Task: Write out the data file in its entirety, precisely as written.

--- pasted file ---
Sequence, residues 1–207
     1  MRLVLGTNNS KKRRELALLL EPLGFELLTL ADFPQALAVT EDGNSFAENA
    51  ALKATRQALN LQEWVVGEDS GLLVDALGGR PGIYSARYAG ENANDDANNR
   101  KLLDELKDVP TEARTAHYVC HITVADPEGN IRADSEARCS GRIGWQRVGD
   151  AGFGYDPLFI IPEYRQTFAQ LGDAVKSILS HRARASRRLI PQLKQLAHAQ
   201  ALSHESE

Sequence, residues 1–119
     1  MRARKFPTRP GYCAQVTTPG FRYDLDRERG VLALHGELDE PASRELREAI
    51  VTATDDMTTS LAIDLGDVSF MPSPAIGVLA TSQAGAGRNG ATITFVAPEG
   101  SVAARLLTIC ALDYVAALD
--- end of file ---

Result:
Sequence, residues 1–207
     1  MRLVLGTNNS KKRRELALLL EPLGFELLTL ADFPQALAVT EDGNSFAENA
    51  ALKATRQALN LQEWVVGEDS GLLVDALGGR PGIYSARYAG ENANDDANNR
   101  KLLDELKDVP TEARTAHYVC HITVADPEGN IRADSEARCS GRIGWQRVGD
   151  AGFGYDPLFI IPEYRQTFAQ LGDAVKSILS HRARASRRLI PQLKQLAHAQ
   201  ALSHESE

Sequence, residues 1–119
     1  MRARKFPTRP GYCAQVTTPG FRYDLDRERG VLALHGELDE PASRELREAI
    51  VTATDDMTTS LAIDLGDVSF MPSPAIGVLA TSQAGAGRNG ATITFVAPEG
   101  SVAARLLTIC ALDYVAALD